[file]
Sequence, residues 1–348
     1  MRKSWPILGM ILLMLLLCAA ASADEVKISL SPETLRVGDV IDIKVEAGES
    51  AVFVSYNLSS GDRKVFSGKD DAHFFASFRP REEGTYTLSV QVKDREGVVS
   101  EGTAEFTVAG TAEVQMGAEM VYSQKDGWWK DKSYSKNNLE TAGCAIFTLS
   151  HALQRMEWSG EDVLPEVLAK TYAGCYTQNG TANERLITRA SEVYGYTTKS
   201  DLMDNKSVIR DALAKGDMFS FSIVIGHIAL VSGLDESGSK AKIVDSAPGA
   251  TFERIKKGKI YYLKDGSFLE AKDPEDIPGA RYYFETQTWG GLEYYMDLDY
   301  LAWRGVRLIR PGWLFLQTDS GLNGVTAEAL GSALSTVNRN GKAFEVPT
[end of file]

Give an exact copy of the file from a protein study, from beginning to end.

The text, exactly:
Sequence, residues 1–348
     1  MRKSWPILGM ILLMLLLCAA ASADEVKISL SPETLRVGDV IDIKVEAGES
    51  AVFVSYNLSS GDRKVFSGKD DAHFFASFRP REEGTYTLSV QVKDREGVVS
   101  EGTAEFTVAG TAEVQMGAEM VYSQKDGWWK DKSYSKNNLE TAGCAIFTLS
   151  HALQRMEWSG EDVLPEVLAK TYAGCYTQNG TANERLITRA SEVYGYTTKS
   201  DLMDNKSVIR DALAKGDMFS FSIVIGHIAL VSGLDESGSK AKIVDSAPGA
   251  TFERIKKGKI YYLKDGSFLE AKDPEDIPGA RYYFETQTWG GLEYYMDLDY
   301  LAWRGVRLIR PGWLFLQTDS GLNGVTAEAL GSALSTVNRN GKAFEVPT